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Staffordshire Bull Terrier Reportedly on Crack Cocaine When It Killed Owner

Mike Adams

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For anyone who has ever toyed with such a lunatic notion as feeding an animal high-powered drugs like cocaine, the latest tale out of the United Kingdom should be considered a warning. Speed has the power to turn man’s best friend into a blood thirsty fiend.

A report from the Guardian indicates that a Staffordshire Bull Terrier named Major fatally crushed its owner’s larynx in front of a BBC documentary crew after consuming large amounts of crack cocaine and morphine.

Animal experts say the attack, which resulted in injuries that led to the untimely demise of the dog’s owner, 41-year-old Mario Perivoitos, was brought on, at least in part, by the temporary agitation caused by ingesting the drugs.

Veterinary toxicologist Nicholas Carmichael determined that the dog had substantial levels of both intoxicating substances in its system at the time of the attack.

“It is very likely that this dog had consumed drugs, probably eaten them,” he told The Daily Mail. “It is almost impossible to say whether that will make the dog attack, but it does make them respond abnormally.”

Carmichael added: “They become very excited and agitated. It is more likely that this attack happened because this dog had taken cocaine.”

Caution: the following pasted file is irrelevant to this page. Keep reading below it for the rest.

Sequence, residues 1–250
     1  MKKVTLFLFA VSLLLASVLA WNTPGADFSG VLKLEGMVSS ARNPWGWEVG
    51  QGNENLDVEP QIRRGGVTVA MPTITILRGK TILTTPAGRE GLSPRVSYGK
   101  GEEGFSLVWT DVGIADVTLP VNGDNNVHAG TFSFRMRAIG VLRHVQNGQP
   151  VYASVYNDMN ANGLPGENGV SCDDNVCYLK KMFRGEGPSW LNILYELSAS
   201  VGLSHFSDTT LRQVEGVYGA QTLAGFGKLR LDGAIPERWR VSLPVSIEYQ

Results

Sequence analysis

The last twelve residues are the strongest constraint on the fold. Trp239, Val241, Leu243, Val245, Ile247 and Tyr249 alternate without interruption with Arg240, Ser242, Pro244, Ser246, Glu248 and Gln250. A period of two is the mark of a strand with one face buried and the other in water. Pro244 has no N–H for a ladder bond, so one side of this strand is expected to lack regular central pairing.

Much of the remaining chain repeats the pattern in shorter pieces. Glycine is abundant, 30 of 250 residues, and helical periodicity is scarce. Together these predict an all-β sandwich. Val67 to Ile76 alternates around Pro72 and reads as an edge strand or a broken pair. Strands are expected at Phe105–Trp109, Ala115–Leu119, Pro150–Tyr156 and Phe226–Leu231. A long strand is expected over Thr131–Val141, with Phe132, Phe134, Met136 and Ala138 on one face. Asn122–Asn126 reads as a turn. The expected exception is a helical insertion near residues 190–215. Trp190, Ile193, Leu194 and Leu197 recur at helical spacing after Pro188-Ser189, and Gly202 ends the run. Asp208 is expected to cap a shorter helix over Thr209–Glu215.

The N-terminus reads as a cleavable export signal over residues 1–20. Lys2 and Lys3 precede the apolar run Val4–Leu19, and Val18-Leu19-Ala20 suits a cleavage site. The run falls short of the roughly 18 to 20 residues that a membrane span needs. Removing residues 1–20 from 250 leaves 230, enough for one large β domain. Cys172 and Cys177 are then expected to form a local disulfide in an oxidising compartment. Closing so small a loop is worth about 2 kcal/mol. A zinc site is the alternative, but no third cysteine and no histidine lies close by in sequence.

The whole rotten scene unfolded after Perivoitos invited the film crew back to his home in North London to film a segment for a documentary called Drugs: Map of Britain.

It was there that Perivoitos, who is also said to have been under the influence of intoxicating levels of cocaine, began having a drug-induced seizure in front of the crew. The dog attacked the man on his bed during this episode, reports The Independent.

Although there were cameras in the room, the film crew did not capture any footage of the attack.

An investigation into the incident reveals that the show’s producer, Joshua Haddow, pulled the dog off of Perivoitos. But by that time his injuries, which included a crushed larynx and bites to the neck and face, were too severe and he passed away.

Senior coroner Andrew Walker said he believes the dog’s cocaine consumption, which a toxicology report shows was eight times the drugged driving limit, contributed to the attack.

“It is likely that the dog had consumed cocaine by eating it and it is likely that this was an additional factor in the dog’s behavior,” he said. “Mr. Perivoitos suffered serious injuries and was taken to a major trauma hospital, and died shortly after midnight.”

Major is scheduled to be put down.

It should be noted that Staffordshire Bull Terriers are not banned as part of the UK’s Dangerous Dogs Act of 1991.

And while the breed can be trained to be aggressive, they are mostly known for being quiet and calm animals. “They are generally very keen to please people, non-aggressive and easy going,” according to Pets4Homes.

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